Bachelor of Arts Fashion Design,City, State

Top 4 Characteristics of a Best-in-Class Fashion Merchandiser Resume

  1. Summary In a brief overview, highlight top skills and experiences that fit with the specific fashion merchandiser position you’re applying to, explaining what makes you a good candidate. For example: “Creative and skilled fashion merchandiser well-versed with the complete garment life cycle, from initial concept to retail sales.”
  2. Skills Your skills section should be a blend of hard skills such as apparel pre-production, personnel management, inventory replenishment and product merchandising, and soft skills such as excellent time management, a team player approach and organizational skills. As with the summary, feature attributes that address the job’s specific needs, e.g., “construction specifications” or “competitive analysis.”
  3. Work history Show how you’ve used your best skills to successfully complete tasks and projects, with the emphasis on accomplishments rather than daily duties. For example: “Designed eye-catching window displays to draw attention to featured clothing items, increasing store traffic by 20%.” Notice how this example uses strong verbs and metrics to give the candidate’s achievements more weight.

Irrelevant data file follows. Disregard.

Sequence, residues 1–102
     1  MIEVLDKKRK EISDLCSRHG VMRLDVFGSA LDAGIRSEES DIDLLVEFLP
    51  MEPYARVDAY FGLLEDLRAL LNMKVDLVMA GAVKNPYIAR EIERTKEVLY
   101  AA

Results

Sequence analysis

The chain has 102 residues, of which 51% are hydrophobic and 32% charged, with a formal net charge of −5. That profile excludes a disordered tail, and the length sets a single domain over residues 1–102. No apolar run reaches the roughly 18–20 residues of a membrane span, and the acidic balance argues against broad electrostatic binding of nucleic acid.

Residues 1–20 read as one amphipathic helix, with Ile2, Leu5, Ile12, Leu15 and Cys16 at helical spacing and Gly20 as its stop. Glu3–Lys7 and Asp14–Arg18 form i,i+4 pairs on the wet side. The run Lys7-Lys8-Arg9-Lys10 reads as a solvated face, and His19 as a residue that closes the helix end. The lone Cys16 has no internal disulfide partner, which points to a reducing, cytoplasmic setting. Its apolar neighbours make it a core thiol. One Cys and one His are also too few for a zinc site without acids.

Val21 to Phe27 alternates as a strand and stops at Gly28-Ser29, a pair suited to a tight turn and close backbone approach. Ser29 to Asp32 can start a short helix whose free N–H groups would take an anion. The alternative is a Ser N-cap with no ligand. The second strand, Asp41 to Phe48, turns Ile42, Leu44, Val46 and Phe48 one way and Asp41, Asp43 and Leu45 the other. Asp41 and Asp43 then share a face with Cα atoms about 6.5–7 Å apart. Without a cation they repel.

4. Education List your highest education credentials (e.g., bachelor’s degree in fashion), along with the name and location of the institution where you got them. Add any additional coursework, training or certifications related to fashion merchandising, such as training in product development or fashion design, or certification in Microsoft Office, Product Development/Fashion Design, or a graduate certificate in apparel merchandising.

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Find the Right Template for Your Resume

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Acclaimed